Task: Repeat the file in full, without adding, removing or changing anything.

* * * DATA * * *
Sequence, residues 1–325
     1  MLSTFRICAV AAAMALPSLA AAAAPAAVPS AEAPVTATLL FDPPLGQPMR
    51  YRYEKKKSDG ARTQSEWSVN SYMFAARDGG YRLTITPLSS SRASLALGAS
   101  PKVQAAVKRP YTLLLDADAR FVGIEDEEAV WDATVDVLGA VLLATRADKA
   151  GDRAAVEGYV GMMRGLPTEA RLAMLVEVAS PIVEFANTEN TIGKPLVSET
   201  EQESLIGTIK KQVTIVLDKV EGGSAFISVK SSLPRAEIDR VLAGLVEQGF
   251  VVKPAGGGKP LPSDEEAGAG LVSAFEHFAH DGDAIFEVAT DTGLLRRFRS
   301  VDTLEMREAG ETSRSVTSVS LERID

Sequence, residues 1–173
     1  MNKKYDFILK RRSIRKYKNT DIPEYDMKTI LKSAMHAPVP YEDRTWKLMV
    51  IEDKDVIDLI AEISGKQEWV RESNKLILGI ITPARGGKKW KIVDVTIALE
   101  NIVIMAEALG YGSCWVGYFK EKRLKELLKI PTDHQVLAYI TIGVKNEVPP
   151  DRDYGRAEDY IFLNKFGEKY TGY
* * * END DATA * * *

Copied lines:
Sequence, residues 1–325
     1  MLSTFRICAV AAAMALPSLA AAAAPAAVPS AEAPVTATLL FDPPLGQPMR
    51  YRYEKKKSDG ARTQSEWSVN SYMFAARDGG YRLTITPLSS SRASLALGAS
   101  PKVQAAVKRP YTLLLDADAR FVGIEDEEAV WDATVDVLGA VLLATRADKA
   151  GDRAAVEGYV GMMRGLPTEA RLAMLVEVAS PIVEFANTEN TIGKPLVSET
   201  EQESLIGTIK KQVTIVLDKV EGGSAFISVK SSLPRAEIDR VLAGLVEQGF
   251  VVKPAGGGKP LPSDEEAGAG LVSAFEHFAH DGDAIFEVAT DTGLLRRFRS
   301  VDTLEMREAG ETSRSVTSVS LERID

Sequence, residues 1–173
     1  MNKKYDFILK RRSIRKYKNT DIPEYDMKTI LKSAMHAPVP YEDRTWKLMV
    51  IEDKDVIDLI AEISGKQEWV RESNKLILGI ITPARGGKKW KIVDVTIALE
   101  NIVIMAEALG YGSCWVGYFK EKRLKELLKI PTDHQVLAYI TIGVKNEVPP
   151  DRDYGRAEDY IFLNKFGEKY TGY